Program Spotlight: Biomedical Engineering Technology
With rapid technological advances in modern health care delivery, there is high demand for qualified professionals with the electronic and mechanical skills needed for on-site repair and preventative maintenance of a wide range of medical equipment. Howard Community College's (HCC) Biomedical Engineering program prepares students for working for hospitals or equipment manufacturers.
According to the Bureau of Labor Statistics, employment of biomedical engineers is projected to grow seven percent over the next decade. The starting salary in the area of Columbia, Maryland is around $40,000, said Bob Patterson, adjunct faculty member who teaches in HCC’s Biomedical Engineering Technology (BMET) program.
“Biomedical equipment technicians are an integral part of the health care, technology, management field,” he said. “As BMETs, we install, maintain, repair, calibrate, and verify equipment in all healthcare settings.
“BMETs are the hidden people in the hospital that you don’t see on shows like ‘Grey’s Anatomy,’ and the like, but they keep everything running and make sure it’s right.”
As a child, Issac Benitez enjoyed taking apart toy cars and piecing them back together. As he got older, he’d find joy in setting up video game systems on the family television.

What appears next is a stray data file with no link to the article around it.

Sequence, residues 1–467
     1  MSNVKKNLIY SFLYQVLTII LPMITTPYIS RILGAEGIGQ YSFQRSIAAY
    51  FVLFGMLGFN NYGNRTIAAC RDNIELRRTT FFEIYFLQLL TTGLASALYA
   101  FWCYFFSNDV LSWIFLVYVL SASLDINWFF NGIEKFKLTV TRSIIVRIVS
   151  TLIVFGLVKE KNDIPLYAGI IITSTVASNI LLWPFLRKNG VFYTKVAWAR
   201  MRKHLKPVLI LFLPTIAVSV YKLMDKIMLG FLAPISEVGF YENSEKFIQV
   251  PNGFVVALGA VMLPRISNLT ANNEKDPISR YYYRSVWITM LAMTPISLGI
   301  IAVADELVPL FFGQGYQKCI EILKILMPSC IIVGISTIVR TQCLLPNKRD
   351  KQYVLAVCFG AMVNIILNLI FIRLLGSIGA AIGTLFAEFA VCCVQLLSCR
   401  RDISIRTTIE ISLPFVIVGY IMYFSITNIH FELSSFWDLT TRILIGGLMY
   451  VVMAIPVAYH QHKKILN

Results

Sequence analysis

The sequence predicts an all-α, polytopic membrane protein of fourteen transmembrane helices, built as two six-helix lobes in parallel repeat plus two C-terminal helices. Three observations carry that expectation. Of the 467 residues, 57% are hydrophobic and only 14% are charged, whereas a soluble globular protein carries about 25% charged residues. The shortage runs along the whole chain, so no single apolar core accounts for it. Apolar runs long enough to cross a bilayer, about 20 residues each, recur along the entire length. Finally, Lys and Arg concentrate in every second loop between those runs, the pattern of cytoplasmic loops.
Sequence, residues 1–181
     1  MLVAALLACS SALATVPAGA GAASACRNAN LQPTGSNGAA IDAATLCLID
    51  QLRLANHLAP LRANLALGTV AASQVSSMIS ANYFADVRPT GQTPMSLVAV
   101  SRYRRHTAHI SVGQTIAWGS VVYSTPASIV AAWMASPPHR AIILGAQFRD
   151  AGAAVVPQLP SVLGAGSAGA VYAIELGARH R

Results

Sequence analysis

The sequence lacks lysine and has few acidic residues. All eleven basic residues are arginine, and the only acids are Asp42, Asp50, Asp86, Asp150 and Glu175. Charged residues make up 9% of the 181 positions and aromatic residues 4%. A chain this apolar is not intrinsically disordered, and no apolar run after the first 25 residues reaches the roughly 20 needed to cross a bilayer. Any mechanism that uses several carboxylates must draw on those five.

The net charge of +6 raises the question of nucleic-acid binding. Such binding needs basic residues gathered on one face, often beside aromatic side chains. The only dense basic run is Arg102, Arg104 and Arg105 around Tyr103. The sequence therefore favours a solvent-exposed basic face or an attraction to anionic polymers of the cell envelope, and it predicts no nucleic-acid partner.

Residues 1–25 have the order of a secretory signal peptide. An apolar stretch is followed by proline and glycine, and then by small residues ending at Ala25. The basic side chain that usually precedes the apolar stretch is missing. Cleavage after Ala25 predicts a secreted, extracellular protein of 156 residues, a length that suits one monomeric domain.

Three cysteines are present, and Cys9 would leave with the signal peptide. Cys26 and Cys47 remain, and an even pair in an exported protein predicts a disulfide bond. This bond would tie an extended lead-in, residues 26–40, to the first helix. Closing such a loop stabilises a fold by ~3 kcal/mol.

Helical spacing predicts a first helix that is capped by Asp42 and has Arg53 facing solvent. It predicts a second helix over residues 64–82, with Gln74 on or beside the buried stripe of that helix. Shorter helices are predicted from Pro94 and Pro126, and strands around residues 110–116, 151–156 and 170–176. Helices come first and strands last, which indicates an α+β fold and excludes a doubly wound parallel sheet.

Once in high school, Benitez got an internship with Med-Electronics in Beltsville, Maryland, where he worked in the warehouse “fixing things here and there.”
“It was there I learned about the BMET program at Howard Community College,” he said. “I looked into it and it seemed very interesting.”
Benitez enrolled in the program, and took courses at HCC while still working full-time.
“Most of the BMET and electronics courses are offered at night so students are able to work full or part-time and still complete the program,” he said.
After graduating from HCC, Benitez was promoted to a technician role at Med-Electronics and eventually got a second job at DaVita Dialysis.
Benitez’s success story is what Patterson hopes to see with each student who walks into his classroom.
“My goal is to prepare students to be able to go out into the workforce not necessarily knowing every single item they’re going to come across, but having a good foundation,” he said. “This is a fun field – you get to see a lot of equipment and it’s just amazing. After 30 years of doing this I still see and learn something new almost every day that I work. So if that interests you, this is your field.”
Ready to begin your path in the exciting world of biomedical engineering technology? Learn more about the biomedical engineering technology programs at HCC.